North Korea’s Nuclear Bomb Test Mapped by Europe’s Sentinel-1a




North Korea’s underground nuclear bomb test done in January 2016 has been mapped by Europe’s Sentinel-1a radar satellite.

When it happened, The United States Geological Service reported a 5.1 magnitude earthquake from the location and the China Earthquake Networks Centre reported the magnitude as 4.9.

Satellite interferometry is perfect for assessing the damage, as it works by finding the difference in “before” and “after” radar pictures of the Earth’s surface, even when the ground movements were quite subtle.

The deep blue colour indicates subsidence; the yellows show uplift. Credit: Copernicus/ESA/BGR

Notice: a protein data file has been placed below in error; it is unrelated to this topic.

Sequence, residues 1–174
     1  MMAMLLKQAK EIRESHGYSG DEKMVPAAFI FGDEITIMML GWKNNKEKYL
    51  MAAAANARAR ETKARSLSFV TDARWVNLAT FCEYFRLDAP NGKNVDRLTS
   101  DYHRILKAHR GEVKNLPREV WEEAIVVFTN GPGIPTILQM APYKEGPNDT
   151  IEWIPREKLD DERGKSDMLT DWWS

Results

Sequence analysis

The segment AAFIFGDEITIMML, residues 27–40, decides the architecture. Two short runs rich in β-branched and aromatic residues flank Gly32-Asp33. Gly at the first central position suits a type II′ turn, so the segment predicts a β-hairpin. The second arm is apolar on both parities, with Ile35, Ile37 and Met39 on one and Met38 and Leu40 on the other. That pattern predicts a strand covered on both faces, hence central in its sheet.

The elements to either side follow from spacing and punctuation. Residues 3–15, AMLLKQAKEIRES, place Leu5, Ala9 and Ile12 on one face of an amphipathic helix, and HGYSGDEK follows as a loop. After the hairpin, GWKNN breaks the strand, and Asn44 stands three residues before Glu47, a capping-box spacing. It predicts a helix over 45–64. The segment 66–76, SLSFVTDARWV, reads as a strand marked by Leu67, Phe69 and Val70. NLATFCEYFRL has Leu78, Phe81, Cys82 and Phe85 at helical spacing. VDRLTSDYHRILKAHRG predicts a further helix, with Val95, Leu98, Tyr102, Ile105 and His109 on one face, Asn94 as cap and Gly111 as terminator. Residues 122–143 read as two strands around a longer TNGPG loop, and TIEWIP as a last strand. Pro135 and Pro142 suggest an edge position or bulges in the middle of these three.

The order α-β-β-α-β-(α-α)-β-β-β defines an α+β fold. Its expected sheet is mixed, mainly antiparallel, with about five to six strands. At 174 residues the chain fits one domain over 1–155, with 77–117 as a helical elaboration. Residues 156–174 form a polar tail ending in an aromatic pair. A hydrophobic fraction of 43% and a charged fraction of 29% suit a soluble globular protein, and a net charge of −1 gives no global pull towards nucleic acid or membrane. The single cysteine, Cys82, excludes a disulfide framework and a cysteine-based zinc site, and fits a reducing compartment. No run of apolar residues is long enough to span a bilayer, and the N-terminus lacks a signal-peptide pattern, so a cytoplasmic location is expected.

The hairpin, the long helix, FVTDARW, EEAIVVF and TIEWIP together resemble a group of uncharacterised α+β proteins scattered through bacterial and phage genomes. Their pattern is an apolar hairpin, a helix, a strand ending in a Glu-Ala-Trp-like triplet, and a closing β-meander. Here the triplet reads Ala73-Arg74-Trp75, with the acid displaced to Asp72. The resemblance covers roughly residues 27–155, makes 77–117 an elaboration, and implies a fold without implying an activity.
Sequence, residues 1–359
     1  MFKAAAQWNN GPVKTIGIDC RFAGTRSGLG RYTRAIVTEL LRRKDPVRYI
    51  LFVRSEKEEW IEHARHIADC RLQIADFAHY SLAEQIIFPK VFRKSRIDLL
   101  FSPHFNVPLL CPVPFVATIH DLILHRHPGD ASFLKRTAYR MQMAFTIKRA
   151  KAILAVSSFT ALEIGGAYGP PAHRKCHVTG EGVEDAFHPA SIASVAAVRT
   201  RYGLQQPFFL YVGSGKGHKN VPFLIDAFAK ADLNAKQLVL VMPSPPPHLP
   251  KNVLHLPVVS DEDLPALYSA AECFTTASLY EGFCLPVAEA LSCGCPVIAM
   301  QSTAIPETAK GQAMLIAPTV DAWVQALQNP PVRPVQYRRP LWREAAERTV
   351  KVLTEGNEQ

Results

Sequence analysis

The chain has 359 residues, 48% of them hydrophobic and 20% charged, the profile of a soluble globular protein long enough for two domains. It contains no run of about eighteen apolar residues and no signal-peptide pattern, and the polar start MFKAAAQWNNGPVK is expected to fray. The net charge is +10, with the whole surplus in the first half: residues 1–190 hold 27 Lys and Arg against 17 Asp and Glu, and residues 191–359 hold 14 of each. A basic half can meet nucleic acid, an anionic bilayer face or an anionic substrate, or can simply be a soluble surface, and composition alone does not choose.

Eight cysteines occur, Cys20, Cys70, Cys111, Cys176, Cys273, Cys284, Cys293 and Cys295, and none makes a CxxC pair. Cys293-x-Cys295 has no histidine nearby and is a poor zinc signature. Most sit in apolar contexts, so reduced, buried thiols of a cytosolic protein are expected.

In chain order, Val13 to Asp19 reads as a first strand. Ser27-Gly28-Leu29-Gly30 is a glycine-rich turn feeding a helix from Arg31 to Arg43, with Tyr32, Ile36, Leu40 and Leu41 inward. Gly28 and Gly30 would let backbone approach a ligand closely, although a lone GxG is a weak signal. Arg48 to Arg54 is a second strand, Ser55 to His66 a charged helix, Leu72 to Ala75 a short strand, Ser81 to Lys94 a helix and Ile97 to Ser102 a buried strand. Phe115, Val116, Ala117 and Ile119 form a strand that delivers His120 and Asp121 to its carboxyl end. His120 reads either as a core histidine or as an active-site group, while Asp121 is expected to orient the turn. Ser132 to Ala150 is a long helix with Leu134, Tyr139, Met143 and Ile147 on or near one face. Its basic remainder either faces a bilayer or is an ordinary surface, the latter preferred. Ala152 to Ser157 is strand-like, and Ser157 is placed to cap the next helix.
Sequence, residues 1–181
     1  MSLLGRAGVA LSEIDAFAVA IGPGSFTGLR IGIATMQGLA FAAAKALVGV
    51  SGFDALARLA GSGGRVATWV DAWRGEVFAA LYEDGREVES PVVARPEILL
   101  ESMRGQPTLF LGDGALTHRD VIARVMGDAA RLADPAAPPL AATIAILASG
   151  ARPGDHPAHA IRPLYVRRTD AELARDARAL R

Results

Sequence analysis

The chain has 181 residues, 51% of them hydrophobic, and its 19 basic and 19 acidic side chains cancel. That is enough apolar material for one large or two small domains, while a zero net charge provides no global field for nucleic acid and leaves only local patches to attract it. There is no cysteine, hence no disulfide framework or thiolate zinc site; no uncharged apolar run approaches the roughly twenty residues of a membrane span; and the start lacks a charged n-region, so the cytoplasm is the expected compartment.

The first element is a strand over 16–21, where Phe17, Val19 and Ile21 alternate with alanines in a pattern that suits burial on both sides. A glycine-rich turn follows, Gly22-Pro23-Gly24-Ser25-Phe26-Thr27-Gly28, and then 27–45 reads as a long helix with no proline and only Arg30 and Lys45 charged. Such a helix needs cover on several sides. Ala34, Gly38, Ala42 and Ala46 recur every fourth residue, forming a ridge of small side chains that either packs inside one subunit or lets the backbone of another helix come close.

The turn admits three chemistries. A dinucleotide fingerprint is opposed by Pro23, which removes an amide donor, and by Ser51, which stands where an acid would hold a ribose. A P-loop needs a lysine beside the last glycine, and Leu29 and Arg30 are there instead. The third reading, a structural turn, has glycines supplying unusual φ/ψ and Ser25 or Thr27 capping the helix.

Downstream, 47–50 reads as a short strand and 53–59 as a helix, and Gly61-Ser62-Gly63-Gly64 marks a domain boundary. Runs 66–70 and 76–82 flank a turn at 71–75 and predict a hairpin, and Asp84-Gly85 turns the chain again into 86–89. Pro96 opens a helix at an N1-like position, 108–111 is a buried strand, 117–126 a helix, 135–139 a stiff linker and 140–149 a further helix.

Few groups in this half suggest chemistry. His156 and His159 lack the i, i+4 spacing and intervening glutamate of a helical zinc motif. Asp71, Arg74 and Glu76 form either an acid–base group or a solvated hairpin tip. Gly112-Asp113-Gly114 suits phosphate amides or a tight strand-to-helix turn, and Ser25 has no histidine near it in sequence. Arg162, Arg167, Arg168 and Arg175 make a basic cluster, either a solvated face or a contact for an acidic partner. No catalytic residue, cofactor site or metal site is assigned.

The deep blue colour indicates subsidence; the yellows show uplift.
Credit: Copernicus/ESA/BGR

Sentinel-1a got its first view of the test site following the explosion on 13 January, and this was compared with an observation acquired on 1 January.

The effects of both subsidence and uplift are evident. With the Sentinel-1b launched into orbit, which is planned for today, 22 April, the re-visit time of satellites in the certain location will shorten to only 6 days.

In the past the location of nuclear tests was based only on seismological data and Sentinel-1a refines these estimates further.

The imagery was released by Germany’s Institute for Geosciences and Natural Resources (BGR) and presented at the European Geosciences Union General Assembly.

Source: Copernicus




Leave a Reply

21
%d bloggers like this: